Although Ulmann captured landscapes and still lifes, she specialised in portraiture, in 1918 producing a book of portraits of the medical faculty at Johns Hopkins University and then A Portrait Gallery of American Editors (1925).
In the early 1920s she began to travel to rural communities in the hope of finding (as she later expressed it) human faces that showed “the marks of having lived intensely.” Her quest took her to Mennonite and Shaker communities in New York and Pennsylvania, to the Appalachian Mountains (in 1925), and to the South Carolina coastal plain (beginning in 1929). From 1927 on, often accompanied by folk singer and music archivist John Jacob Niles, Ulmann created portraits of the rural residents of Appalachia—descendants of Scotch-Irish immigrants, whose folkways at the time seemed to be vanishing.
In revealing to the wider world what seemed to be a more authentic way of living, Ulmann also sought to arouse interest in regional American culture; some of her Appalachian images were used to illustrate Allen H. Eaton’s Handicrafts of the Southern Highlands (1937). During her travels to South Carolina, Ulmann photographed the Gullah workers (descendants of West African slaves who settled mainly on the Sea Islands of South Carolina and Georgia and developed a distinctive creole language and culture) on her friend Julia Peterkin’s plantation. Many of these images were used to illustrate Peterkin’s book Roll, Jordan, Roll (1933), documenting the vanishing Gullah culture.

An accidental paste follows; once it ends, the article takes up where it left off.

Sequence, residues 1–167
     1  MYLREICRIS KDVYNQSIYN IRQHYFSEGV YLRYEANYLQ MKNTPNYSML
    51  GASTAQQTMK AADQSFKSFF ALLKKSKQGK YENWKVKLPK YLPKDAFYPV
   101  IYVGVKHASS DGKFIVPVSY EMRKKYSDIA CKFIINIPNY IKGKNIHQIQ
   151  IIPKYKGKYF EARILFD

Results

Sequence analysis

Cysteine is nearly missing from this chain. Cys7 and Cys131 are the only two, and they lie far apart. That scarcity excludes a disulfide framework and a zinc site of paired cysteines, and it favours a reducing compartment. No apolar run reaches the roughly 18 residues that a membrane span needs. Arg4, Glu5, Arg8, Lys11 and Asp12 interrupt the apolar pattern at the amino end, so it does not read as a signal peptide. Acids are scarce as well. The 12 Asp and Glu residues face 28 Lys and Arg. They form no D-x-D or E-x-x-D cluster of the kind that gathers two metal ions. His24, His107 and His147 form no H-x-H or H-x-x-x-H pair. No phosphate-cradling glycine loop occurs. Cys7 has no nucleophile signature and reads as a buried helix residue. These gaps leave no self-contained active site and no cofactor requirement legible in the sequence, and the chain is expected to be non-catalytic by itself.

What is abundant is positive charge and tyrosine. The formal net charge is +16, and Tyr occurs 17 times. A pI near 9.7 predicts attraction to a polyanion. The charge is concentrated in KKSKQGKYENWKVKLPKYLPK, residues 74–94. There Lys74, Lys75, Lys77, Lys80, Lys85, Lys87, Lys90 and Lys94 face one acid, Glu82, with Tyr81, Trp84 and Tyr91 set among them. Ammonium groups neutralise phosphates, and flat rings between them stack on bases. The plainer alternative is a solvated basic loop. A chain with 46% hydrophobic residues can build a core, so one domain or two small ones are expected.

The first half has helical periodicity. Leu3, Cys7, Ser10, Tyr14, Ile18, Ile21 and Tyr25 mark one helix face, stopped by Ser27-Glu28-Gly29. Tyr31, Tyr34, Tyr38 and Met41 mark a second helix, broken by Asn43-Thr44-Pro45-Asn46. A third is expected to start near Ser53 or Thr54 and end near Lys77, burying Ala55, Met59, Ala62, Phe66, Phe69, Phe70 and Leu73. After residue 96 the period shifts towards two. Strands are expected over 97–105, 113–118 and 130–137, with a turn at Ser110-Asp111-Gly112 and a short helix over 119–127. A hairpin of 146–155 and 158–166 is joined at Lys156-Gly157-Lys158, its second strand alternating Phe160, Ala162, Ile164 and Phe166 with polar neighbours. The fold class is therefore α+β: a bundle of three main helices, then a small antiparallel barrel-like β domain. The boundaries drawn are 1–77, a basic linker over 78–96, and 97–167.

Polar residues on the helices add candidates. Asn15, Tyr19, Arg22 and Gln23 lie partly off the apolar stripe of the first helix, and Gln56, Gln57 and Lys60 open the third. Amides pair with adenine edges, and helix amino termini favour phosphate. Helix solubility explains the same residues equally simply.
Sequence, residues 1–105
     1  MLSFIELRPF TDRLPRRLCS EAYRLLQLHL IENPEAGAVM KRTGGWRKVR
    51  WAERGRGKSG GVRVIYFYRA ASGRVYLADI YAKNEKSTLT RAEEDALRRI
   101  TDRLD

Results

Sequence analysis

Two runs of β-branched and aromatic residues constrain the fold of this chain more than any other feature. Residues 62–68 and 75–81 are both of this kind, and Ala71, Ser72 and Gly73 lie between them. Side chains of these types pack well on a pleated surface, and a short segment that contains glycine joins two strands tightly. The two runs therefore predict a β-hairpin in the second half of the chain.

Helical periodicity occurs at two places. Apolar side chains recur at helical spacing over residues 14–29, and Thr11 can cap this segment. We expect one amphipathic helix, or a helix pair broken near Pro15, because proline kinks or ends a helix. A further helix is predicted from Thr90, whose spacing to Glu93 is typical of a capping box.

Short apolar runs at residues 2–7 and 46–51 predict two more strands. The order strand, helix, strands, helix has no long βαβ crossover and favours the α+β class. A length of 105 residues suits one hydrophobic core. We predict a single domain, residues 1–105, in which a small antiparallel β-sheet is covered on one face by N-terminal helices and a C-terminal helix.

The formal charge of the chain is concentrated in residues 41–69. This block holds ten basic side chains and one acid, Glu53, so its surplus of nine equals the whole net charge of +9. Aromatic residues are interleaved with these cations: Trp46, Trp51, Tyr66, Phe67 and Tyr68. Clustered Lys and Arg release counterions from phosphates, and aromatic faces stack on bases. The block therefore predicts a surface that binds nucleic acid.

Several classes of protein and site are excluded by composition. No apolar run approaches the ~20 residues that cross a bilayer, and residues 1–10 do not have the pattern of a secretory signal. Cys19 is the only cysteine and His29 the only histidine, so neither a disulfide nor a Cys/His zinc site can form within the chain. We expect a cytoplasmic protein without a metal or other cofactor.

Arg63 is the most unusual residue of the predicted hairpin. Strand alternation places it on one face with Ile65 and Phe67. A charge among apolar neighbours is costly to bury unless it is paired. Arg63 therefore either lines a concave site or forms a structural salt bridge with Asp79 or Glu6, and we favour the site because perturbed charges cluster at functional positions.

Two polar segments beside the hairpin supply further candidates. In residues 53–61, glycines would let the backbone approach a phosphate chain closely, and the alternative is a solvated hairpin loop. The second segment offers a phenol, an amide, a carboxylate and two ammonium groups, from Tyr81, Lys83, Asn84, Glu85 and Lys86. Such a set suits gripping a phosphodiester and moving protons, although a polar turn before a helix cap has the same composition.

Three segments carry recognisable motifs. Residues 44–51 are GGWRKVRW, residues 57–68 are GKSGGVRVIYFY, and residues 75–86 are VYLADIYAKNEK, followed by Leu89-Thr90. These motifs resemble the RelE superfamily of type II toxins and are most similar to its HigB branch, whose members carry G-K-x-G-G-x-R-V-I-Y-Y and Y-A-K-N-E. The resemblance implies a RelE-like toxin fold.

Ulmann considered herself an “amateur” in the sense that she did not photograph for commercial gain. She was knowledgeable about her craft and controlled the entire process herself, but her aesthetic taste and psychological sensitivity rather than her technical skill give her portraits their exceptional character.